[Vung Tau, 6/15/22]
No, not into Marilyn Monroe, but a Vietnamese writer. When I published regularly in both languages about 15 years ago, I finally concluded it was way too schizophrenic, if not suicidal. Never again, I thought as I reverted to English only.
Now, I’m doing it again, but it’s understandable, for I’m in Vietnam and swimming in the Vietnamese language. Any day now, I have a +200-page book of Vietnamese prose coming out, but these pieces are old. I’m working on a book of recent writing about Vietnam. So far, there are chapters about Saigon, Vung Tau, Nghe An, Dien Bien Phu and Lao Cai. Although all these pieces have been published in English, they’ll be much more resonant in Vietnamese, to a Vietnamese audience.
Did I say “resonant”? I’ve missed my calling as a Jewish comedian. With fewer than 100 paid subscribers on SubStack, I can hardly resonate less! In English, that is.
In Albania, I discovered Musine Kokalari. Though educated in Italy and fluent in Italian, Kokalari returned to Albania to become a pioneering writer in her own language. Further, her political activism, that is, her love for Albania, landed her in prison and ruined her life. Even now, there are fewer than 10 million Albanians worldwide, with many outside Albania no longer fluent in their language. Despite all that, Kokalari chose to write for her tiny audience, for she was at home in Albania.
1998 saw the appearance of the first anthology of Vietnamese-American writing, Watermark. With two stories and three poems, I had the most pages. There were so few of us. To my surprise, a new edition will be published. Asked to provide an updated bio, I wrote:
Born in Saigon in 1963, Linh Dinh lived mostly in the US from 1975 until 2018, but has returned to Vietnam. He’s the author of six collections of poems, two of stories, a novel about Vietnam, Love Like Hate, and a book of nonfiction, Postcards from the End of America. Dinh has edited two anthologies of new writing from Vietnam. His political and travel writing is on SubStack. His latest books are in Vietnamese, Thơ nước trong and Tích ngàn thu sau bữa cơm ma, both published in Saigon in private editions to evade censorship. He’s canceled in the US.
So there you have it, I can publish books in Vietnam. I have an audience here.
This morning, I read about Sri Lankans escaping their economic disaster by planes or even boats, illegally.
When I mentioned these newest boat people to my egg sandwich man, he recounted seeing all these corpses washed up in Vung Tau around 1981. There were so many corpses, people didn’t dare to wade into the ocean. Fishermen snagged corpses with their nets. Hearing about a shipwreck, relatives from Saigon would descend on Vung Tau, hoping to recover corpses of loved ones. People howled and screamed on the beach.
There are many stories to be told here, stories even Vietnamese don’t know about. I will tell them, primarily, if not exclusively, in Vietnamese. I don’t have time to do everything. I’m getting old.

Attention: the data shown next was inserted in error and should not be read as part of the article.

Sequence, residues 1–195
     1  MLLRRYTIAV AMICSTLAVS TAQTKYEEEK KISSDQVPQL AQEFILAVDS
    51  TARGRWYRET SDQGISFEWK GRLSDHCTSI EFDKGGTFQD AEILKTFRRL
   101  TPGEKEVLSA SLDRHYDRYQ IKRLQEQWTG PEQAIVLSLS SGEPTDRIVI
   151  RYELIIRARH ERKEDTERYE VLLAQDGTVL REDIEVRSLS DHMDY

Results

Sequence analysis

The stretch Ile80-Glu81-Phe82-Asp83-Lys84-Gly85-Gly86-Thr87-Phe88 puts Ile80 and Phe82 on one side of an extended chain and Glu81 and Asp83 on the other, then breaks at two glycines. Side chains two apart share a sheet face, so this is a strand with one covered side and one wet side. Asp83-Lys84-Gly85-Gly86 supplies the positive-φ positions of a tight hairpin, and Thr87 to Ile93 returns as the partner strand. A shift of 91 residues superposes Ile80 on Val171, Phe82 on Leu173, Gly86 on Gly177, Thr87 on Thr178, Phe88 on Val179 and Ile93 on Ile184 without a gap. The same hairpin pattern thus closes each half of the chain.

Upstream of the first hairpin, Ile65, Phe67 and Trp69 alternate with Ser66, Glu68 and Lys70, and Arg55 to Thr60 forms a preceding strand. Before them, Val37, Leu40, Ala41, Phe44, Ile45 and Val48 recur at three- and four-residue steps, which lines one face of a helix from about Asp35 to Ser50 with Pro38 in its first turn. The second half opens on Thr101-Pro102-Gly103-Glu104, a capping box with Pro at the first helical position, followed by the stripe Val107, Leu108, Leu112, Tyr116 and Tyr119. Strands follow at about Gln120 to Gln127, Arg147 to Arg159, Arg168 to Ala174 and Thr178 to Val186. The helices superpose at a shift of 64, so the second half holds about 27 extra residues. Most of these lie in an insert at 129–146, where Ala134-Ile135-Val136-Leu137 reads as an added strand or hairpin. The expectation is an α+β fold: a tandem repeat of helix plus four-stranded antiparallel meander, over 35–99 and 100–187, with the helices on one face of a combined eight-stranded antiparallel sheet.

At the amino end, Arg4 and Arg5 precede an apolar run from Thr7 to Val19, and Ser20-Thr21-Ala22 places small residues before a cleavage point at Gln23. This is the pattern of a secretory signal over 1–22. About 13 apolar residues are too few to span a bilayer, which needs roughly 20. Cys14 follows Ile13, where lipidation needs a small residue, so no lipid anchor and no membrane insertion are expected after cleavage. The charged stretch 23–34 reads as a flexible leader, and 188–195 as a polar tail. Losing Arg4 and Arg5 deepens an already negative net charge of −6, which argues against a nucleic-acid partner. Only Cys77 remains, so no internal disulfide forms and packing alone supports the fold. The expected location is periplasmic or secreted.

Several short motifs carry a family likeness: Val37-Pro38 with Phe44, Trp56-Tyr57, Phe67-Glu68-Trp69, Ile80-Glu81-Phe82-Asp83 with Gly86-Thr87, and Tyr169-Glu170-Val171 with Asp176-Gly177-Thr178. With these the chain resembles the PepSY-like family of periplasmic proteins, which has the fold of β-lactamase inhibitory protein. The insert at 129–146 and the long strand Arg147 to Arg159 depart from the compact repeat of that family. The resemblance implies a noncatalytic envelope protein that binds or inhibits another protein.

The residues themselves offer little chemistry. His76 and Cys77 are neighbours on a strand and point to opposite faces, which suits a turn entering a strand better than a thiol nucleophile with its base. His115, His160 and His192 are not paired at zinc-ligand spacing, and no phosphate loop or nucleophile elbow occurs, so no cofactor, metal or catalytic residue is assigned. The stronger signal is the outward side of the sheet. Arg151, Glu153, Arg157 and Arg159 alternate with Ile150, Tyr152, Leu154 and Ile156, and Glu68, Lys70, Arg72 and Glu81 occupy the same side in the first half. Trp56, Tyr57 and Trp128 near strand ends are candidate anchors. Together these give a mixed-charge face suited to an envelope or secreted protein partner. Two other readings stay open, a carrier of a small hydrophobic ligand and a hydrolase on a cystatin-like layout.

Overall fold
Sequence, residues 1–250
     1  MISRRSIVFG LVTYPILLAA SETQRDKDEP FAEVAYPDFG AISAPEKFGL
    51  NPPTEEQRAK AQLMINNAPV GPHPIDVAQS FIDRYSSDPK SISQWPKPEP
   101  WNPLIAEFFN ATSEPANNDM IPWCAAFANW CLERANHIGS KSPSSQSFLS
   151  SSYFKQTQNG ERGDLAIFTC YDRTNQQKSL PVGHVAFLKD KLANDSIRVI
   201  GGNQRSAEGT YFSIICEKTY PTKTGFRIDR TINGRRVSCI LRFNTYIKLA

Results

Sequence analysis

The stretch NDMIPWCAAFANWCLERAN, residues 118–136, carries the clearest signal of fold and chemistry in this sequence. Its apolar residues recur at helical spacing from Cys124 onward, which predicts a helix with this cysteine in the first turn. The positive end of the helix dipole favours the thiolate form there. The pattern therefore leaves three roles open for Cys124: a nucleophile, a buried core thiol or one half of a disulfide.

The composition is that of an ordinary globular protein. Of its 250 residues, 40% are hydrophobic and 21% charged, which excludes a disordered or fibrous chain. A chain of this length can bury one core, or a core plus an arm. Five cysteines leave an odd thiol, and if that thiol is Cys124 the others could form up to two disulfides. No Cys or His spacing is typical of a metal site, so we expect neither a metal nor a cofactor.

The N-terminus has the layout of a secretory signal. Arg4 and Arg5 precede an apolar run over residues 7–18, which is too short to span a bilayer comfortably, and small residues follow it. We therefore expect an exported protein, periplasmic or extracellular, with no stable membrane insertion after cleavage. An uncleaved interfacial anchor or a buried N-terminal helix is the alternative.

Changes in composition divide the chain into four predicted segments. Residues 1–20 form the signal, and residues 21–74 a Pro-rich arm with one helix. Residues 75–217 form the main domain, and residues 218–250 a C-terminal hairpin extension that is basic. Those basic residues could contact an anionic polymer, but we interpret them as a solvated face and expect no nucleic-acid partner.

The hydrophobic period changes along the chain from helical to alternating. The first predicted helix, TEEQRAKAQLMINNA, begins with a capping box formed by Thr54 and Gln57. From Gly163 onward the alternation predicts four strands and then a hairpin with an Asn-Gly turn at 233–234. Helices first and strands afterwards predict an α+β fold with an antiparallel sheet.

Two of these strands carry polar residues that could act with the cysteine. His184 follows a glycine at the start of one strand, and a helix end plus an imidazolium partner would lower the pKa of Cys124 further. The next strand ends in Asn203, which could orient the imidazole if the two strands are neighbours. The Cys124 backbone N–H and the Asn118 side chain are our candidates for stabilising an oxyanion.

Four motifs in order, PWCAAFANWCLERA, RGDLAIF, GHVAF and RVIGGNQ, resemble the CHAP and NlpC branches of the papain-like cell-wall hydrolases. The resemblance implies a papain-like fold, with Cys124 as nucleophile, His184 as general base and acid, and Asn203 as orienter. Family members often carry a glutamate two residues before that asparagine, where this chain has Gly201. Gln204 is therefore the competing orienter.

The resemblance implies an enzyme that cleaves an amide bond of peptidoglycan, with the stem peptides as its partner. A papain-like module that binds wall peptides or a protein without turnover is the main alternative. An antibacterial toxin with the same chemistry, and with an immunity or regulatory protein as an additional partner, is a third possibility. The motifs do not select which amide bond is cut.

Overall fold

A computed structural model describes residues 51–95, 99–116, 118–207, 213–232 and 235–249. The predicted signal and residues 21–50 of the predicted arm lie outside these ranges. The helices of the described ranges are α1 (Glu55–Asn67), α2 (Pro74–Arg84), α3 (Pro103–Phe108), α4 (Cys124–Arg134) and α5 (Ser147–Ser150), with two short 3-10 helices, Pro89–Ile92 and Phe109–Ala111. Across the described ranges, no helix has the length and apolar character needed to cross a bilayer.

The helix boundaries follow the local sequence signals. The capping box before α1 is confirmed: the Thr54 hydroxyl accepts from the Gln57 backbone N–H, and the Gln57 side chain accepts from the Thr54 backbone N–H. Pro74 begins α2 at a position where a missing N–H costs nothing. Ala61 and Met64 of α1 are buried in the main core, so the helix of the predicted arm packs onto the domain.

Last week, the painter/poet Trịnh Cung came to Vung Tau, so a handful of us hung out with the old man. He treated us to a seafood lunch by the ocean. We had a great time needling Trịnh Cung.
Though he has devoted most of his energy to oil painting, Trịnh Cung is best known for a short poem put to music by the legendary Trịnh Công Sơn. As destitute Saigon artists, they were best friends. Though this poem/song is used by Vietnamese-French director Trần Anh Hùng in his À la verticale de l'été, Trịnh Cung was never asked for permission nor paid. It’s not cool at all.
“France today is no longer the France of Apollinaire!” Trịnh Cung thundered over a mess of crab shell. Of course, he’s right, and the US is no longer a sane or civilized country.
After several years in Orange County, Trịnh Cung is moving back to Saigon. He had no social life in the US. Even Vietnamese-Americans had no time for him. A solitary confinement nation, the US isolates everyone. Though much relieved and grateful for any half night stand, Americans can’t wait to get the fuck away from whom they just fucked. It’s the same with their foreign policies.
It’s fitting they have a degenerate creep as president, and one with a worldclass monster for a son, but what do you expect from a regime of mass murderers, unctious liars and pedophiles? Don’t forget to register to vote, so you can jerk that lever, then go home and jerk off.
Each time I suggested a solution, I was shouted down by angry whites, because it’s their ballgame, they screamed, so fine. It’s 11-1 in the bottom of the ninth, so last chance, y’all. The three whiffers coming up have averages of .133, .028 and .044. Don’t let me ruin your rally!
This week, I discovered the half Vietnamese rapper, Tyga. Have a listen, or, rather, look:
Vietnam didn’t produce him, so please keep this transcendent, all-American, Jew pumped talent! He’s all yours!
OK, now I go back to my Vietnamese manuscript. I’ll keep posting in English until I no longer feel like it, and when I’m gone, just know I’ve relocated to a much saner and much more grounded address. Though much ravaged by Communism, that is, by Jewish thinking, Vietnam is still Vietnam.
Don’t you wish you could say the same about your imploding shack?
[Vung Tau, 7/4/22]
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